The choice to pursue a fellowship isn’t always straightforward, but one resident explains why she is choosing to follow her passion.
©Syda Productions - stock.adobe.com
It’s honestly just a waste of time.”
“Why would you do a fellowship for something that you already know how to do?”
“MIGS isn’t even accredited.”
My chiefs and attendings read my mind when I was wrestling with the idea of applying for a fellowship in minimally invasive gynecology (MIGS) as a second-year resident.
I’ve loved surgery since medical school, so I was excited about my first surgical cases as an intern. I anticipated a steep learning curve, but by the end of the year, I felt like I’d barely taken a step. Much of the surgical teaching during my residency, as in most high-volume programs, is provided by private attendings. Skill levels vary, which I think is largely a product of the ob/gyn educational system. In most residencies, a great deal of time is spent on obstetrics, outpatient clinic, or night float coverage. We spend barely a year dedicated to gynecologic surgery. Contrast that with general surgery residents, who spend 5 years training in the operating room!
Now in my fourth year, I feel comfortable leading straightforward cases, but there’s no way I’m ready to tackle complex endometriosis or gigantic fibroid uteruses. Neither are most other ob/gyns straight out of training, and it’s the reason in-residency tracking and generalist fellowships are gaining traction.
On the other hand, watching surgical subspecialists operate is amazing. The way they navigate distorted anatomy, identify tissue planes, and troubleshoot unexpected challenges is beautiful. I want to grow up to be capable of that. But gynecologic oncology and urogynecology were not for me, and an unaccredited fellowship in MIGS seemed risky. I could graduate from residency and go directly into practice making $200,000+ a year. Or I could continue with my training making a PGY-5 salary, delaying financial stability for another 2 years.
AAGL established the first MIGS fellowship in 2001, with just seven spots and now there are 48 programs. In 2018, MIGS was the most competitive fellowship, with 1.7 applicants per position (compared to 1.4 applicants per position in gynecologic oncology, historically the most competitive fellowship).1 In April, The American Board of Medical Specialties approved the American Board of Obstetrics and Gynecology's application for a Focused Practice Designation in Minimally Invasive Gynecologic Surgery. This step towards recognizing those that have significant experience in gynecologic surgery reflects what may be a response to an anticipated shift in the field from maintaining full ob/gyn practices to specializing in either obstetrics or gynecology. It is conceivable that eventually, physicians without fellowship training will not perform any gynecologic surgery. That would be a major change, but I think we all can agree that patients deserve the best chance at a good outcome, and on that point, the data favor high-volume surgeons.2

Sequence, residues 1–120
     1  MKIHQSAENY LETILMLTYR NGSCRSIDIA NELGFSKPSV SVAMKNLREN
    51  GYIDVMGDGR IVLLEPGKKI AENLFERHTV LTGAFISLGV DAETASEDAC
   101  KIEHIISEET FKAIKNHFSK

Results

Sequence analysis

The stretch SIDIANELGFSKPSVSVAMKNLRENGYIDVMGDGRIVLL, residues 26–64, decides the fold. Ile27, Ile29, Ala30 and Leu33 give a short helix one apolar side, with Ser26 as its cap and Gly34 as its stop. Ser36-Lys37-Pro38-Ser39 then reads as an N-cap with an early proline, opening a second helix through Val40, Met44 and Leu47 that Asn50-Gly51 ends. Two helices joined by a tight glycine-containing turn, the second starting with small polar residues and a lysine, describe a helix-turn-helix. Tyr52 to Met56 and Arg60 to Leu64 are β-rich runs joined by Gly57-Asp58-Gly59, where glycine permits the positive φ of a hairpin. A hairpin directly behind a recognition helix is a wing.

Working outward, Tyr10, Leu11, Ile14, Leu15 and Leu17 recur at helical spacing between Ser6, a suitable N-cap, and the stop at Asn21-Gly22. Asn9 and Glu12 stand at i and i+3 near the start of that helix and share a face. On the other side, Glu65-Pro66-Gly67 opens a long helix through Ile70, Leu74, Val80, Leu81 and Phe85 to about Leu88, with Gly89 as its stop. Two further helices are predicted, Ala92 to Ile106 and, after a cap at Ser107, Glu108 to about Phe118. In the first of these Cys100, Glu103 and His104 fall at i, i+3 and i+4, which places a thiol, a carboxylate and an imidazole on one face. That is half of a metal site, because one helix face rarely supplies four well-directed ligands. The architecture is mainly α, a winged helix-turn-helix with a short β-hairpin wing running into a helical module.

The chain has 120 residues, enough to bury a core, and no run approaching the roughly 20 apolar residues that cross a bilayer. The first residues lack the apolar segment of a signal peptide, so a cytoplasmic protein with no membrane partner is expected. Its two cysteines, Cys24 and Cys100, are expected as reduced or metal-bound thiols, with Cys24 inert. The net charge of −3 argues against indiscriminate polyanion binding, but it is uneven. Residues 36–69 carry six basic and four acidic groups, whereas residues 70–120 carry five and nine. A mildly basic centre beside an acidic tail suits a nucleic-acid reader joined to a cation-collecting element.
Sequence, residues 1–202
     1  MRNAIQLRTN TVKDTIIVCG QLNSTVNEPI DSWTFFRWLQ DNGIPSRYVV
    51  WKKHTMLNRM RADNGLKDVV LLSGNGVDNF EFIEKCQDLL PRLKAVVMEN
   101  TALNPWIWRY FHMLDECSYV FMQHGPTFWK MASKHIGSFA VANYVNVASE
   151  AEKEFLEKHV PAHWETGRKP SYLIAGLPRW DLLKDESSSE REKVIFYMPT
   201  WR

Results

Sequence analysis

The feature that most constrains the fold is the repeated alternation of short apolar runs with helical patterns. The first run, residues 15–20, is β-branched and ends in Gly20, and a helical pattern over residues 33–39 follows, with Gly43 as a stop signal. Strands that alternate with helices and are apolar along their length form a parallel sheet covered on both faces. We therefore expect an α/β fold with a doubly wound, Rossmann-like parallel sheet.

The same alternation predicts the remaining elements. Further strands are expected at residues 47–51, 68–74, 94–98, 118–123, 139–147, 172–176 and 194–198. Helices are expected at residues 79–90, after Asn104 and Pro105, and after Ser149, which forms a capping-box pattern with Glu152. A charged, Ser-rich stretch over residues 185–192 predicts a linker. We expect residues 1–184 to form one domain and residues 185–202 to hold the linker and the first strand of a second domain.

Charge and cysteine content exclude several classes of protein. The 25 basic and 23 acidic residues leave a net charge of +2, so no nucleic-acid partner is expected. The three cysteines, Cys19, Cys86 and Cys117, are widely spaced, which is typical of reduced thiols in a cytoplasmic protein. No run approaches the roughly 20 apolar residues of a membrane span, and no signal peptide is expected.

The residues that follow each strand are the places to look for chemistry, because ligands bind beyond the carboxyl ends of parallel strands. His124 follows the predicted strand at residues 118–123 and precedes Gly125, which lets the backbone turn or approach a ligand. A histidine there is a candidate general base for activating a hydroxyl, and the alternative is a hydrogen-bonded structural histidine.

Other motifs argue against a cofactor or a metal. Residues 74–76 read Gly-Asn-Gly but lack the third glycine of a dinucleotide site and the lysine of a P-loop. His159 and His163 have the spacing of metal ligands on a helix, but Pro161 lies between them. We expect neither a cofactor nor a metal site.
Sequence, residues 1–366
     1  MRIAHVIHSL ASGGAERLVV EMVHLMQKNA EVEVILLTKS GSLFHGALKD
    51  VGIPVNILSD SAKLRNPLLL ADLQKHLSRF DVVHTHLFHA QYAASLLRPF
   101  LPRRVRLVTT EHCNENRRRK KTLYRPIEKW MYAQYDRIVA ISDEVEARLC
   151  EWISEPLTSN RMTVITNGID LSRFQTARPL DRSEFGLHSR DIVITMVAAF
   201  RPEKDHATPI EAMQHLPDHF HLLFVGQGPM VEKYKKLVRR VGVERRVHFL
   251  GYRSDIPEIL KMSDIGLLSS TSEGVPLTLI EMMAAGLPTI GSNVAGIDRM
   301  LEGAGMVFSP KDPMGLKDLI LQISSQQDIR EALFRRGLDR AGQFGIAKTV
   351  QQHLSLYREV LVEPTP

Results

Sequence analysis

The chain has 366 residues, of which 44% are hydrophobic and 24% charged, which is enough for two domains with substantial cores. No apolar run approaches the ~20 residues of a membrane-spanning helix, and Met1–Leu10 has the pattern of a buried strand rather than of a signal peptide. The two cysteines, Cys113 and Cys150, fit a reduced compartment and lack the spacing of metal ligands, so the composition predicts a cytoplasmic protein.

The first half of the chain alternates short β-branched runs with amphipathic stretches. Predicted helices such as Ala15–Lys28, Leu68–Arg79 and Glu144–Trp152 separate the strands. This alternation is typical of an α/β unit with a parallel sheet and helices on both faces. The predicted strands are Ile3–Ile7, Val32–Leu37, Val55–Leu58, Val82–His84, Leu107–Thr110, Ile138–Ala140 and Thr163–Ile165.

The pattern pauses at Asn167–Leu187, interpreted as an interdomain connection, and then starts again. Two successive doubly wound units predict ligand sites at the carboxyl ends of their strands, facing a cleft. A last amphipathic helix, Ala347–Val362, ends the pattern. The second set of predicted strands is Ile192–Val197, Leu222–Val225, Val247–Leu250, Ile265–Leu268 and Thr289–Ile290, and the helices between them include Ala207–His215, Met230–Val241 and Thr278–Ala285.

With the advent of more medical treatment options for fibroids, heavy menstrual bleeding, and pelvic pain, the volume of gynecologic surgery across the country has fallen.3 Therefore, by default, more surgeons are becoming low-volume surgeons.4 So, even if I planned to hone my surgical skills in practice with the aid of a senior partner, the opportunity to progress might not really exist. If you operate once a month, how will you maintain your skills? Maybe it’s not absolutely necessary to do a fellowship, but there is no denying that doing three to five surgical cases a day, 5 days a week for 2 years, will accelerate your skills.
In the end, I decided to apply for the MIGS fellowship because I want to be the best surgeon I can be. I want my patients to get the best surgery for them. I don’t want to take shortcuts for my convenience or because of my skill level. I don’t want to fulgurate endometriosis and call it a day. I don’t want to do a supracervical hysterectomy because I’m afraid of the ureter. I don’t want to leave the fallopian tubes behind on a vaginal hysterectomy. I want my cases to be elegant, beautiful, purposeful.
Are you a current intern or resident and interested in writing about your experiences?
Email COGEditorial@mmhgroup.com to learn more about becoming a resident blogger.
CORRECTION: Dr. Misal originally stated that "In April, the American Board of Medical Specialties approved AAGL’s application for a focused practice designation in minimally invasive gynecology, which would require those seeking such a designation to complete a minimum of 100 MIGS procedures in patients with benign and complex gynecologic conditions." This was not AAGL's application. This is the American Board of OBstetrics and Gynecology's program. Contemporary OB/GYN apologizes for the error.